‘Hi, My name’s BAWO and I make music’ is BAWO’s answer when we ask him to introduce himself to the camera. But to say he just ‘makes music’ would be to sell the effortlessly genre blending, tactical lyricist extremely short. His latest project ‘Legitimate cause’ sees the artist highlight just how talented he is sonically whilst unravelling the nuances of balancing relationships, career goals and responsibility all within the everyday cyclical rush of London. The boundless production paired with his cool, calm and collected cadence make for 30 minutes of borderless hip hop that authentically transport you into the West London rappers world.
Fresh off of his sold out headline tour, we spent the day with the MC to talk more about his trajectory from the beginning to now, how he defines his success, his headspace during the creation of ‘Legitimate Cause’ and more.
Shenell : Legitimate cause tackles a lot of subjects that people can relate to like relationships and just life in general. Describe the headspace you were in when you came to make the project?
Bawo: I was in a very good headspace. I was excited coming off of the last project to just put something together and come even closer to creating the sound I have in my head.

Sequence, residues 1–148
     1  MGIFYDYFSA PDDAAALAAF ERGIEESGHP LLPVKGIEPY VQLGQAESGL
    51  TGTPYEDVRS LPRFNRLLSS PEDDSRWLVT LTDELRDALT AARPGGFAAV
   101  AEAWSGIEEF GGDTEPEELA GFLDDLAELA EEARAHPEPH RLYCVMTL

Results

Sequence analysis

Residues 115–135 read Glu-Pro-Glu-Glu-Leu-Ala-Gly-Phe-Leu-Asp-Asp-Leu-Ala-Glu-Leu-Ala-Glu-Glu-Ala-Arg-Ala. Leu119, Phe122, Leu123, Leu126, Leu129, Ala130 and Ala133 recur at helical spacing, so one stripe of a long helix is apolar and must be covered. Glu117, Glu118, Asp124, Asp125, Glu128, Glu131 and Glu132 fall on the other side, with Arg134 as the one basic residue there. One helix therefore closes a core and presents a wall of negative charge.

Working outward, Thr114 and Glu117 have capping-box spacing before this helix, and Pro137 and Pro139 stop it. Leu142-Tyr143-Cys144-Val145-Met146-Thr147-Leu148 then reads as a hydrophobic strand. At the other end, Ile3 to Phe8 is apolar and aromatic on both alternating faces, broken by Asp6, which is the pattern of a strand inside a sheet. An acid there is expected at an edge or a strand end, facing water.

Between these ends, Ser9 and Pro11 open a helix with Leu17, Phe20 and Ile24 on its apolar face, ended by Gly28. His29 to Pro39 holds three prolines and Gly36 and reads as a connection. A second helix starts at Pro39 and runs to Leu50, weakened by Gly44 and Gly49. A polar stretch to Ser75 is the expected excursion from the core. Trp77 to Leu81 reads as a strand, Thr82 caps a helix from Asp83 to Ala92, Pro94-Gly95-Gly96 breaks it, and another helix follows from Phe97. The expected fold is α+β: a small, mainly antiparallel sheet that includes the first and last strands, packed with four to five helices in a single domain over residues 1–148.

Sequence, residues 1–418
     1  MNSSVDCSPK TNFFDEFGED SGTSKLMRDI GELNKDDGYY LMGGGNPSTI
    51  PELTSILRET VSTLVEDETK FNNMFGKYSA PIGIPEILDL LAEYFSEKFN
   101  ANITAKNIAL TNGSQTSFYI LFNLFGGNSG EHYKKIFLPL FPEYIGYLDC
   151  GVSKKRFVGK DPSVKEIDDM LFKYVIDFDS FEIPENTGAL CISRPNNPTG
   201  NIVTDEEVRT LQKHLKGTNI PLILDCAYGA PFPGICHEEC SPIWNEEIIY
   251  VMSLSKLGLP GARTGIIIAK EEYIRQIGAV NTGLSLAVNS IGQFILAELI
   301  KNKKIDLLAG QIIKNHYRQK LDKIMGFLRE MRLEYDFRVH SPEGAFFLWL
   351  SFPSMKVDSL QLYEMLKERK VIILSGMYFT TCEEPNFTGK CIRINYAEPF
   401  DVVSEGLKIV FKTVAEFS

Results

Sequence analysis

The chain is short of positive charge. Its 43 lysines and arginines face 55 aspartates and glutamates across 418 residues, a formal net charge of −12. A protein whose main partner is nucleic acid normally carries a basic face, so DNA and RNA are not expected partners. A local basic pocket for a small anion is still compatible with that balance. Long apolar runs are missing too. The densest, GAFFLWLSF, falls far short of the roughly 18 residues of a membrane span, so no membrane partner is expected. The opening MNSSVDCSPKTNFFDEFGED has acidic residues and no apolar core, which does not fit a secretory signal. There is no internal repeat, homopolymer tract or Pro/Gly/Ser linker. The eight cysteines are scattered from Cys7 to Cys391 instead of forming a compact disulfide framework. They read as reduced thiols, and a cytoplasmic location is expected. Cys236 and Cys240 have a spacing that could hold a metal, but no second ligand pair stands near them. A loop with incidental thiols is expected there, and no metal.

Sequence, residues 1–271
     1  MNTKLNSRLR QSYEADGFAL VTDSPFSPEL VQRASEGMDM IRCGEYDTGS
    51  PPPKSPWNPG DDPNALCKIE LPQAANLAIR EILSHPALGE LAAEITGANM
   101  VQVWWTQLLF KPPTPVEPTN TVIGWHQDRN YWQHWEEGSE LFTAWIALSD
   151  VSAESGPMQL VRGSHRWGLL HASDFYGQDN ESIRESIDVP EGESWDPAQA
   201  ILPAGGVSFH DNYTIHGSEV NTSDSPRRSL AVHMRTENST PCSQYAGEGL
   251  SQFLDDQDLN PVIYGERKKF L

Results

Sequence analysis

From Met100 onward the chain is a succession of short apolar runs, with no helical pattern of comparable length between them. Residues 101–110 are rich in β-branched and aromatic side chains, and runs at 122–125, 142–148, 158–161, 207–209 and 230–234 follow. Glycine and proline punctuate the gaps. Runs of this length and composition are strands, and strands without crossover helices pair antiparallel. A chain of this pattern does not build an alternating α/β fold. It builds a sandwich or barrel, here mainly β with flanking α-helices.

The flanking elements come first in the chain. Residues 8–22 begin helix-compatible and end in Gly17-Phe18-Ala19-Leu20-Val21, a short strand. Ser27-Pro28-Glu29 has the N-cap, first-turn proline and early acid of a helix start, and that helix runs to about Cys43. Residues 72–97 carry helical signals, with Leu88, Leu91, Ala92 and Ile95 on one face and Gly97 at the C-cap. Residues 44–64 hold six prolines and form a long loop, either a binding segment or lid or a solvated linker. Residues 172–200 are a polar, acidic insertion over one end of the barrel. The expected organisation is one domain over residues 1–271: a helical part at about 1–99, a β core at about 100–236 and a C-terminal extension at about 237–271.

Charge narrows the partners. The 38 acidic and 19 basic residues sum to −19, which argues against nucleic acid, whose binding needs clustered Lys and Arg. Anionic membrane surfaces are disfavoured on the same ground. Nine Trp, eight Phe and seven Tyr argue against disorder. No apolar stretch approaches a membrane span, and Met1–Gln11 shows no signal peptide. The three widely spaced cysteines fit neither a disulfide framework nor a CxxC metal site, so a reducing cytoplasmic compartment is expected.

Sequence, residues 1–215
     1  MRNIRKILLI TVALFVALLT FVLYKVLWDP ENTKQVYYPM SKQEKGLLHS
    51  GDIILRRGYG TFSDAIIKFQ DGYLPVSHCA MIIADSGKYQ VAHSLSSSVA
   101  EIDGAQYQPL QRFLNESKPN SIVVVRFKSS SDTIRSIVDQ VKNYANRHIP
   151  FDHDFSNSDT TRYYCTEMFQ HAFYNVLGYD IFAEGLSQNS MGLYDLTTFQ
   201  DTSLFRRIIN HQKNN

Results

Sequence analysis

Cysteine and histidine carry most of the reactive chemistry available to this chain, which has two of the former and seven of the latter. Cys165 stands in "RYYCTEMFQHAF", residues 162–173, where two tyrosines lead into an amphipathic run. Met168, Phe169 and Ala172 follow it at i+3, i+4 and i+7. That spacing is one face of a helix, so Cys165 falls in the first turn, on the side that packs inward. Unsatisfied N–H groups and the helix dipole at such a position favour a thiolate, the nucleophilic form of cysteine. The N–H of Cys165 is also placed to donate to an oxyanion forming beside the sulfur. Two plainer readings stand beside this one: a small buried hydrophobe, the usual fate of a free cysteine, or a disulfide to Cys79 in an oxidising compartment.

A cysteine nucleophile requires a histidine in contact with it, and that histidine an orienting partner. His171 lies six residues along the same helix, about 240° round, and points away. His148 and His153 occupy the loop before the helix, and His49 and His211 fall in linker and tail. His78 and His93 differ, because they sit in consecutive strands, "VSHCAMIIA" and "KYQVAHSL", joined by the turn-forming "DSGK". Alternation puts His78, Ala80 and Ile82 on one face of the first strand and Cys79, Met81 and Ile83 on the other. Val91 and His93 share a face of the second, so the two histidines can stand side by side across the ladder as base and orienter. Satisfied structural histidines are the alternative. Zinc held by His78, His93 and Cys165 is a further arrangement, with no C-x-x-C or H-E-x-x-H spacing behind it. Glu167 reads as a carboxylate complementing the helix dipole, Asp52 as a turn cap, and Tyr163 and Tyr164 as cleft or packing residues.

Shenell : So what was the journey like for you both musically and personally between that project and your latest?
Bawo: I could just see how people lived with the music. If I’m being real, my approach with the last project – not that I don’t love it – but I was picking songs I already had as opposed to making a project from scratch. With ‘Legitimate Cause’ there’s only one tune I had recorded years prior. The journey between was just meeting more people who listen to the music, working with more talented people, travelling, just living and quitting my day job too.
Shenell : So, did you go into the project with an idea of what you wanted to make and stick to that or was it more of a free flowing approach?
Bawo: I knew I wanted to make something I considered hard. I just knew I wanted it to be good. It started off as a mixtape idea and it turned into whatever it is now. People are calling it an album – but to me it’s not an album, but it’s also a bit more than a mixtape – kind of an inbetween.
Shenell : For you personally what defines the difference between a mixtape and an album?
Bawo: In my head, coming from the datpiff era, a mixtape is vibes – almost like a playlist, not that it can’t be themed but an album is a heart and soul thing. You’ve obviously gotta put your heart and soul into everything you do but with an album I just feel like it’s a lot more personal and alot more goes into it.
Shenell : Your approach to music is very borderless and you tend to draw from so many genres and infuse them into your own signature style? Where do you think that exploration of genre comes from?